Lecture by Prof. Cees Snoek online

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Abstract

Progress in artificial intelligence has been astonishing in the past decade. Cars self-driving on highways, machines beating go-masters, and cameras categorizing images in a pixel-precise fashion are now common place, thanks to data-and-label supervised deep learning. Despite the impressive advances, it is becoming increasingly clear that deep learning networks are heavily biased towards their training conditions and become brittle when deployed under real-world situations that differ from those perceived during learning in terms of data, labels and objectives. Simply scaling-up along all dimensions at training time seems a dead end, not only because of the compute, storage and ethical expenses, but especially as humans are easily able to generalize robustly in a data-efficient fashion. Several learning paradigms have been proposed to account for the limitations of deep learning with the i.i.d. assumption. Shifting data distributions are attacked by domain adaptation and domain generalization, changing label vocabularies are the topic of interest in zero-shot, open set and open world learning, while varying objectives are covered in meta-learning and continual learning regimes. However, there is as of yet no learning methodology that can dynamically learn to generalize and adapt across domains, labels and tasks simultaneously, and do so in a data-efficient fashion. This is the ambitious long-term goal of ‘real-world learning’ and some initial approaches and results towards its objective will be presented.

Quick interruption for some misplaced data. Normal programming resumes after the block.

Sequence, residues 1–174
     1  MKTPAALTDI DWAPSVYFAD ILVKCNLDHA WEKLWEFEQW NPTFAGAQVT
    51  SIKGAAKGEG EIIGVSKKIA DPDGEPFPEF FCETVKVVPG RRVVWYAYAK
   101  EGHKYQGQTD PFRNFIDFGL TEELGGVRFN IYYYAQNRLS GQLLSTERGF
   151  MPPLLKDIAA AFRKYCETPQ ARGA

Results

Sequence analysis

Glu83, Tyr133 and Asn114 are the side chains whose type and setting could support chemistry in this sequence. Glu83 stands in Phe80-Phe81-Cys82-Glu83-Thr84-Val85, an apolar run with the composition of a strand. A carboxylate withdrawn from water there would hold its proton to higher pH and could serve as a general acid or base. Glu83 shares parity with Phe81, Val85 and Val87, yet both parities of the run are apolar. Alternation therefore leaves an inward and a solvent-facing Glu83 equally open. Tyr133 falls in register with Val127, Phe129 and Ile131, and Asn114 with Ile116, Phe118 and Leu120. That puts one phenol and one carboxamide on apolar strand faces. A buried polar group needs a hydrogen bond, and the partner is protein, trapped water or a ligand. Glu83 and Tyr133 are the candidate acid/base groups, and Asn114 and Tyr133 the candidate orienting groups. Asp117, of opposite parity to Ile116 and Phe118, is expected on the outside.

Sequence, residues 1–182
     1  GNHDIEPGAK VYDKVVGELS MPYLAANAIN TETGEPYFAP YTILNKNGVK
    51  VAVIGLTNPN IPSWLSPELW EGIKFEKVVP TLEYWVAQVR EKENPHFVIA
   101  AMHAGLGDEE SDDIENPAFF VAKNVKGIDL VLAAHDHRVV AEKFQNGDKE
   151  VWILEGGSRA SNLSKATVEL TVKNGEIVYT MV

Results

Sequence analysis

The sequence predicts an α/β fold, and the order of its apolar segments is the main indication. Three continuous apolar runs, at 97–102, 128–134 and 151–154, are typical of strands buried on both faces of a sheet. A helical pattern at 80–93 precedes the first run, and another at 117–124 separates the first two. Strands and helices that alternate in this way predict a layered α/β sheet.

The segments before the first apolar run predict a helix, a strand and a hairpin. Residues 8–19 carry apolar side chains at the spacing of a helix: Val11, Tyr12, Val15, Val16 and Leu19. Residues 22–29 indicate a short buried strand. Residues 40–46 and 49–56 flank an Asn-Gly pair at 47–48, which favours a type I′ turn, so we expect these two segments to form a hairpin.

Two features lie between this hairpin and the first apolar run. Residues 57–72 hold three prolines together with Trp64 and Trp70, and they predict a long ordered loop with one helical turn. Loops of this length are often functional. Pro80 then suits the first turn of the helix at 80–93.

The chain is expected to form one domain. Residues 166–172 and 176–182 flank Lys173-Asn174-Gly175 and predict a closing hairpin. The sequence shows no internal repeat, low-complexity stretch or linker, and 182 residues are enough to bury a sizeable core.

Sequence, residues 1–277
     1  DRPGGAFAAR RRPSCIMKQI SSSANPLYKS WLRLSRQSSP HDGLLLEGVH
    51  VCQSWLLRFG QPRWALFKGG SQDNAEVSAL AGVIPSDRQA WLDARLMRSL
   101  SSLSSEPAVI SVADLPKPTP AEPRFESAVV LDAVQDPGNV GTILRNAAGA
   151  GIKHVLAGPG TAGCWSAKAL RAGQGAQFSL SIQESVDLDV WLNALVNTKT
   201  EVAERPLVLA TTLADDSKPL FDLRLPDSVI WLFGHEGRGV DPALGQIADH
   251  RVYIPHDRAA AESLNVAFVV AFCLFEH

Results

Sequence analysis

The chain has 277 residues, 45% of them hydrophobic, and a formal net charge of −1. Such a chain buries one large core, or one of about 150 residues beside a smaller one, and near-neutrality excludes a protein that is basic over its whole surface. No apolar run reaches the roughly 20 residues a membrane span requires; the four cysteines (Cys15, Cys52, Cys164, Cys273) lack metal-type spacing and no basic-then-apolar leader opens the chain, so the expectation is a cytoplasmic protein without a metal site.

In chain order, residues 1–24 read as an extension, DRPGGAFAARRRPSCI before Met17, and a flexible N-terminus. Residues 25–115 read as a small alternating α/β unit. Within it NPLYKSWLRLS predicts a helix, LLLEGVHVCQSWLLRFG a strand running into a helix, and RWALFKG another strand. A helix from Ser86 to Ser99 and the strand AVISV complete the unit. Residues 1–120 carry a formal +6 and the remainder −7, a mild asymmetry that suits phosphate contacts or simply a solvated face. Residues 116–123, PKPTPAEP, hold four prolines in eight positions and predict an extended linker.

Short CV

Cees Snoek is a full professor in computer science at the University of Amsterdam, where he heads the Video & Image Sense lab. He is also a director of three public-private AI-research labs: QUVA lab with Qualcomm, Atlas lab with TomTom and AIM lab with the Inception Institute of Artificial Intelligence. At University spin-off Kepler Vision Technologies he acts as Chief Scientific Officer. He is also co-founder of the Netherlands Innovation Center for Artificial Intelligence. He was previously visiting scientist at Carnegie Mellon University and UC Berkeley, head of R&D at University spin-off Euvision Technologies and managing principal engineer at Qualcomm Research Europe. His research interests focus on making sense of video and images. He has published over 250 refereed journal and conference papers in computer vision, multimedia analysis and machine learning and serves on the editorial board of IEEE Transactions on Pattern Analysis and Machine Intelligence. Cees is an Ellis Fellow, recipient of an NWO Veni career award, a Fulbright Junior Scholarship, an NWO Vidi career award, and the Netherlands Prize for ICT Research. Together with his Ph.D. students and Post-docs he has won several best paper awards.

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